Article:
The book is designed with a clean and open, single-column layout. The art program maintains a completely consistent format and style, and includes over 1,600 photographs, electron micrographs, and original drawings by the authors. Clear and concise concept headings introduce each section. Every chapter contains extensive references. Most important, every chapter has been subjected to a rigorous, collaborative revision process where, in addition to incorporating comments from expert reviewers, each co-author reads and reviews the other authors' prose. The result is a truly integrated work with a single authorial voice.

Our favourite quote from Winning

In Winning, Tim Grover shows why he is one of the world’s most sought-after mindset experts. Drawing on three decades of work with elite competitors, Grover strips away the cliches and rah-rah mentality that create mediocrity and challenges you to embrace reality with single-minded intensity. The prize? Massive success.

Whether you’re an athlete with championship dreams, an entrepreneur building a business, a CEO managing an empire, a salesperson closing a deal, or simply a competitor determined to stand in the winner’s circle, Winning offers thirteen crucial principles for achieving unbeatable performance.

This book reveals the truth about the obstacles and challenges that stand between you and your goals: Winning never lies. Winning knows your secrets. Winning wages war in the battlefield of your mind. Winning wants all of you. And more.

If you’re addicted to the taste of success and crave more, then you’re ready for Winning’s results-driven performance strategy. And if you’re already winning and want to learn how to execute at a level that will establish you as one of the greatest—so you can own not just this moment, but the next, and the next—this book will show you the path.

Our favourite quote from The Art of War in the Middle Ages

Master-historian Charles Oman tells the story of the evolution of military combat from the end of the Roman Empire through the Dark Ages and into the Middle Ages. Oman's beautiful prose captures the tactically complexity and the emotional horror of war in the Middle Ages.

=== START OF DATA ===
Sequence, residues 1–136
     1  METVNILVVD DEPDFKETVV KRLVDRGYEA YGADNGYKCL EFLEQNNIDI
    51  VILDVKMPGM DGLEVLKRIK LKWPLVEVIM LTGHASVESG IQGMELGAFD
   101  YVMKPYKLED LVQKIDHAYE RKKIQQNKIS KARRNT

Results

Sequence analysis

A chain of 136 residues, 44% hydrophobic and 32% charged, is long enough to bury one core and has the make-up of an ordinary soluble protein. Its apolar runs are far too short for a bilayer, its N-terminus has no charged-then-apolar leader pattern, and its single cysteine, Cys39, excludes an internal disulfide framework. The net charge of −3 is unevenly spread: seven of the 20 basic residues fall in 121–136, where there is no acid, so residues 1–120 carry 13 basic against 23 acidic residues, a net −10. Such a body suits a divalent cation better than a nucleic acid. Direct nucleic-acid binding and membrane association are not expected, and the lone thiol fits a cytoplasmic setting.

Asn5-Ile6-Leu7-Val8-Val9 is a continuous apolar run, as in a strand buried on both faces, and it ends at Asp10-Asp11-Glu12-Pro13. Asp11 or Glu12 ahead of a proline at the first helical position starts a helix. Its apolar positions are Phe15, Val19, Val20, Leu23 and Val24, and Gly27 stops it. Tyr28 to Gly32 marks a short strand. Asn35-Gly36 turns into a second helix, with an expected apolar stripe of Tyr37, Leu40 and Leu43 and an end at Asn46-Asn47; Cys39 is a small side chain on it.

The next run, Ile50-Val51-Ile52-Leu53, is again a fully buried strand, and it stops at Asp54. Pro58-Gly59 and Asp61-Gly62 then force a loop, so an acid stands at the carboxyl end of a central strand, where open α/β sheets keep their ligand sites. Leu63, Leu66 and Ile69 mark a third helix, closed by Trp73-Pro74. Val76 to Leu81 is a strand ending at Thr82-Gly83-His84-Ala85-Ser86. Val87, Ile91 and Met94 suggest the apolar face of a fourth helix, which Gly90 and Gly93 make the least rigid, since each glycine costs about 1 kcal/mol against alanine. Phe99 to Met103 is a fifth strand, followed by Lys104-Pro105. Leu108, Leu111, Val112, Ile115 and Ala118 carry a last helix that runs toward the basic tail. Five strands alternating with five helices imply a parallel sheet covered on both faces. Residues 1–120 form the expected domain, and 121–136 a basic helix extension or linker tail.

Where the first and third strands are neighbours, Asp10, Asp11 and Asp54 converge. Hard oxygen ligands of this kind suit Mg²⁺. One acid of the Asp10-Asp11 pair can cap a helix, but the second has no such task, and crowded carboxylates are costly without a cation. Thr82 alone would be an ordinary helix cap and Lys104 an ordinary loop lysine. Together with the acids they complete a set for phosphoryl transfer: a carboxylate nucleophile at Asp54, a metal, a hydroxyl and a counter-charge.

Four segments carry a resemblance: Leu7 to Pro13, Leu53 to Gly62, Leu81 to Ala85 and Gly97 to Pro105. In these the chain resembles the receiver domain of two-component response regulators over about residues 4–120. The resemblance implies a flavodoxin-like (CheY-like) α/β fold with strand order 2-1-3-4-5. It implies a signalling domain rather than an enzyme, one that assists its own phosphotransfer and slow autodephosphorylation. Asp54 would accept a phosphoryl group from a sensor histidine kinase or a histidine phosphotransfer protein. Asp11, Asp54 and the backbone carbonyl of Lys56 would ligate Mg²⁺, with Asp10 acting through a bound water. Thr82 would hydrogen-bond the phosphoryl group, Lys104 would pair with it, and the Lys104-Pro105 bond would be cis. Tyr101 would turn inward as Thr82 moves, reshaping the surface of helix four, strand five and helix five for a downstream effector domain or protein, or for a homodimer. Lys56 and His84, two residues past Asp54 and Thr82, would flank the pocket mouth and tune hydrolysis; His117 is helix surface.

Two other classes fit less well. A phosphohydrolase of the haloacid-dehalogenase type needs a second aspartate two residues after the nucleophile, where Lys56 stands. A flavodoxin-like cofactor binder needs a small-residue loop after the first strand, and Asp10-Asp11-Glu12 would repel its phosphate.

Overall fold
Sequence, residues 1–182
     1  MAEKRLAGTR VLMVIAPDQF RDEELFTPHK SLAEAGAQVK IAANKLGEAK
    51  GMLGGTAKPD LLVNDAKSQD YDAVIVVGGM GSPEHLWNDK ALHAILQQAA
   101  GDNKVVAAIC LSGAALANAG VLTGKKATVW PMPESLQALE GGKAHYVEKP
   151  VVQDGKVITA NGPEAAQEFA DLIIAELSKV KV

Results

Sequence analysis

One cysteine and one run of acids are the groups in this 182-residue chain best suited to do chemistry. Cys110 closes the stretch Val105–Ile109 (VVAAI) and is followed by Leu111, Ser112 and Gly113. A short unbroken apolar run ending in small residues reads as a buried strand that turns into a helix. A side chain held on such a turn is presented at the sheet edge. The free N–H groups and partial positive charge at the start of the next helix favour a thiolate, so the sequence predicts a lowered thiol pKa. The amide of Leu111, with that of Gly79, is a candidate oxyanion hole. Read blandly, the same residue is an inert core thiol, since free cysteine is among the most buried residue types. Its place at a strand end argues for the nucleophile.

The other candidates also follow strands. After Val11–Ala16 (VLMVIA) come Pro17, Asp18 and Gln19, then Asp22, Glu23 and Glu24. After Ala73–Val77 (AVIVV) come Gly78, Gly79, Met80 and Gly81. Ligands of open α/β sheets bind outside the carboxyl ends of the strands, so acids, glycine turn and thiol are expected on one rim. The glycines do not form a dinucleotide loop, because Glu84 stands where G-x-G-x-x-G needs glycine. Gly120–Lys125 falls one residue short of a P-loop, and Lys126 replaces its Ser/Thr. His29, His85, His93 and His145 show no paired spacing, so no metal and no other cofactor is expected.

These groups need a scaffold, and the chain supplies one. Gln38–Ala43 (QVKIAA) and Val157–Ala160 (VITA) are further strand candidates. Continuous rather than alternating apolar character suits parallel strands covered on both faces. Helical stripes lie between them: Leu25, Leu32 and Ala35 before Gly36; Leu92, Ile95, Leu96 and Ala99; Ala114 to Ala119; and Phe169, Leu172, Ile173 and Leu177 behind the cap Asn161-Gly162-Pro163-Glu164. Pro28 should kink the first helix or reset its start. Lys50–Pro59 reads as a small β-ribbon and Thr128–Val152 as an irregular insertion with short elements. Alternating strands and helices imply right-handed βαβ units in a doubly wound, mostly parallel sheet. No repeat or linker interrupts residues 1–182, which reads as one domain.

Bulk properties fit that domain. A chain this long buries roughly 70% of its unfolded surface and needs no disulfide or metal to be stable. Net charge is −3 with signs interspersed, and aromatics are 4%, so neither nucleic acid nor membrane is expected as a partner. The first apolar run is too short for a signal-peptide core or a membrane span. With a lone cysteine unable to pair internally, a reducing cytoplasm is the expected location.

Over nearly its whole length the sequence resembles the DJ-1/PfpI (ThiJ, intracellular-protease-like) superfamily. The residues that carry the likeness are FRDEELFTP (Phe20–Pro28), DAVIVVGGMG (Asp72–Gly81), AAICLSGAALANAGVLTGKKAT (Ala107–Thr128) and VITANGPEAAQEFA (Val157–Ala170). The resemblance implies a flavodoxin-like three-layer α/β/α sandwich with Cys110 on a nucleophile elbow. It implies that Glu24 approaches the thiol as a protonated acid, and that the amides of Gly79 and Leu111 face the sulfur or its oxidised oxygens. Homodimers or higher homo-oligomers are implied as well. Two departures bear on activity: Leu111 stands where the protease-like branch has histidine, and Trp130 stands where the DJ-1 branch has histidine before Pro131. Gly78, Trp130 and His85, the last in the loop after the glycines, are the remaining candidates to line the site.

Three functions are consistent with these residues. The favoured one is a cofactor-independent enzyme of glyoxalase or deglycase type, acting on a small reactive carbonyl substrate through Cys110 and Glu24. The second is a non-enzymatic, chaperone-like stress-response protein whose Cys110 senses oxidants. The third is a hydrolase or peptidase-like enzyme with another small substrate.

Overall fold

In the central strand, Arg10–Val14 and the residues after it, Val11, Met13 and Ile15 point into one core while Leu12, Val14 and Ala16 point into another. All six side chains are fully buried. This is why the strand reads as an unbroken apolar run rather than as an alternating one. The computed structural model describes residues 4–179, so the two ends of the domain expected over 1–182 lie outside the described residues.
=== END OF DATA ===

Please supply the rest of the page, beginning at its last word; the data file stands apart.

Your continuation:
Richly illustrated throughout to enhance the reading experience.

Our favourite quote from A Heartbreaking Work of Staggering Genius

We have advantages. We have a cushion to fall back on. This is abundance. A luxury of place and time. Something rare and wonderful. It's almost historically unprecedented. We must do extraordinary things. We have to. It would be absurd not to.

"This is a beautifully ragged, laugh-out-loud funny and utterly unforgettable book." —San Francisco Chronicle

A book that redefines both family and narrative for the twenty-first century. A Heartbreaking Work of Staggering Genius is the moving memoir of a college senior who, in the space of five weeks, loses both of his parents to cancer and inherits his eight-year-old brother. Here is an exhilarating debut that manages to be simultaneously hilarious and wildly inventive as well as a deeply heartfelt story of the love that holds a family together.

A Heartbreaking Work of Staggering Genius is an instant classic that will be read for decades to come.

Our favourite quote from Plentiful Energy

The Integral Fast Reactor (IFR) is a fast reactor system developed at Argonne National Laboratory in the decade 1984 to 1994. The IFR project developed the technology for a complete system; the reactor, the entire fuel cycle and the waste management technologies were all included in the development program. The reactor concept had important features and characteristics that were completely new and fuel cycle and waste management technologies that were entirely new developments.

The reactor is a "fast" reactor - that is, the chain reaction is maintained by "fast" neutrons with high energy - which produces its own fuel. The IFR reactor and associated fuel cycle is a closed system. Electrical power is generated, new fissile fuel is produced to replace the fuel burned, its used fuel is processed for recycling by pyroprocessing - a new development - and waste is put in final form for disposal. All this is done on one self-sufficient site. The scale and duration of the project and its funding made it the largest nuclear energy R and D program of its day. Its purpose was the development of a long term massive new energy source, capable of meeting the nation's electrical energy needs in any amount, and for as long as it is needed, forever, if necessary. Safety, non-proliferation and waste toxicity properties were improved as well, these three the characteristics most commonly cited in opposition to nuclear power.

Development proceeded from success to success. Most of the development had been done when the program was abruptly cancelled by the newly elected Clinton Administration. In his 1994 State of the Union address the president stated that "unnecessary programs in advanced reactor development will be terminated." The IFR was that program. This book gives the real story of the IFR, written by the two nuclear scientists who were most deeply involved in its conception, the development of its R and D program, and its management.